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Inbound Marketing Blog

    Are Gmail Tabs a Marketer’s Friend or Foe?

    Posted by Angela Suico

    How Gmail’s New Layout Affects Email Marketing

    Recently, Gmail rolled out a new format for its users’ inboxes. Your Gmail now acts as a virtual mail sorter, separating personal emails from social media updates, message board notifications, and confirmation emails. While the new Gmail may be a dream for those who like their things sorted into neat categories, marketers are wondering what will become of their email campaigns. Below is a discussion of the new Gmail and what marketers can do to adjust to the changes.

    Gmail’s New Layout

    For Gmail users, messages are now sorted under three separate groups: Primary, Social, and Promotions. Primary messages are personal emails, the ones you get from family and friends. Social messages are those sent from social networking websites, while Promotions are deals and offers from the sites that you’ve subscribed to. Those are the three default tabs that appear, but you can add two additional tabs: Forums and Updates (where confirmation emails and receipts will be deposited), as well as pick and choose what tabs you want to appear in your inbox.

    Where Does A Marketer’s Email Go?

    While some people love the convenience of having their messages sorted out for them, many marketers are wondering where the new development leaves them. Before, they could count on their email campaigns reaching a spot where a user could easily see it. Now that emails are being sorted, however, they don’t have the same comfort. Any email with an unsubscribe header or an unsubscribe link will inevitably land under the Promotions or Updates tab. Marketers can bypass this, however, by asking users to change their settings so that their emails will always be filed as a Primary message. All a user has to do is drag and drop an email to the Primary tab, or star an email so that Gmail will pick up on its importance.

    A Challenge for Email Marketing

    Several companies have been surveying the effects of the new Gmail on their open rates, and results have been mixed. HubSpot found that open rates for its emails increased by 58.9% in June, the month after the tabs debuted. On the other side of the fence, studies conducted by Constant Contact and MailChimp individually showed that open rates actually decreased. However, both sites caution that since the system is still in its earliest stages, we cannot come to any definite conclusions about Gmail tabs and open rates just yet.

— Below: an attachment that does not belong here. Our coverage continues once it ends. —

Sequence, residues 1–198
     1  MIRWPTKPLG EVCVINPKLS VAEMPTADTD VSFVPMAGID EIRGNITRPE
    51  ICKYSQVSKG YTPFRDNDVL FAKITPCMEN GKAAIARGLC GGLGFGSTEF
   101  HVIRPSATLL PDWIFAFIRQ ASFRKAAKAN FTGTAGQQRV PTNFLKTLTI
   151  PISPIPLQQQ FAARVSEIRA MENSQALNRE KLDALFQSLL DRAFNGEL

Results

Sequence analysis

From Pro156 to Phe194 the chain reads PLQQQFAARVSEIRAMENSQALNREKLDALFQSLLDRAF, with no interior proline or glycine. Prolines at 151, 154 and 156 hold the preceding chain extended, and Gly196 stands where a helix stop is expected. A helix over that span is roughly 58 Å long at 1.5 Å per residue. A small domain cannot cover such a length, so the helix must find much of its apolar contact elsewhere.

Ryan Pinkham of Constant Contact says that, if anything, the new layout should just keep marketers on their toes. “Gmail tabs make it even more important that email marketers send relevant, valuable content to the people who have opted in to their list,” writes Pinkham. “Continue to listen to your readers, monitor your click-through reports, and take the extra time to get to know the people who are receiving your emails each month.”

    Write Messages Worth Reading

    Gmail’s changes make now a great time to brush up on the best practices of email marketing. A recent article by Copyblogger, which is always on its toes, has done just that. Here’s a condensed version of their advice.

    1. Make Your Content Great. You know how some comic books have spawned spin-offs and huge, multi-sequel movie franchises? Your content should have the same kind of staying power. It needs to be something that readers will definitely want to read, and like X-Men or Spider-Man, be so compelling that people will want more. Think about the biggest problems that plague your audience, and create content around those issues.
    2. Announce Important Email Messages Via Social Media. In case some users decide not to move your messages under their Primary tab, announce important emails with a social media post. Unlike Gmail content, your messages won’t be filtered out on your social networks. These announcements can ensure users know to check their inbox for important emails from your company.
    3. Embrace Limited-Time Offers. If you put a certain deadline on an email offer, people may feel compelled to make sure they always see your emails. Because who likes learning about a big sale, coupon, or discount after the special has ended? Limited-time offers will make your leads more likely to put your emails in a place where they can see them as soon as they sign in.
    4. Focus on Your Fanbase. As you go further down the sales funnel, the quality of your lead becomes more and more important. On that note, you don’t want to email offers to parties that you know will only give your content a passing glance. Instead, focus your attention on people who are most interested in what you have to offer. There’s very little point in trying to attract someone who’s just breezing through town, when you have a few dedicated regulars who are ready and eager to buy.

    In a sense, this is business as usual. Google is always making changes that require marketers to think creatively and respond with changes of their own. If anything, the new tabs format should lead to increased efforts to reach out to customers and create innovative content and offers. Though we can’t say for certain how email marketing will change over the next few months, we know one thing for sure: As Google continues to make changes to its services, marketers will continue to respond in kind.

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    Topics: Inbound Marketing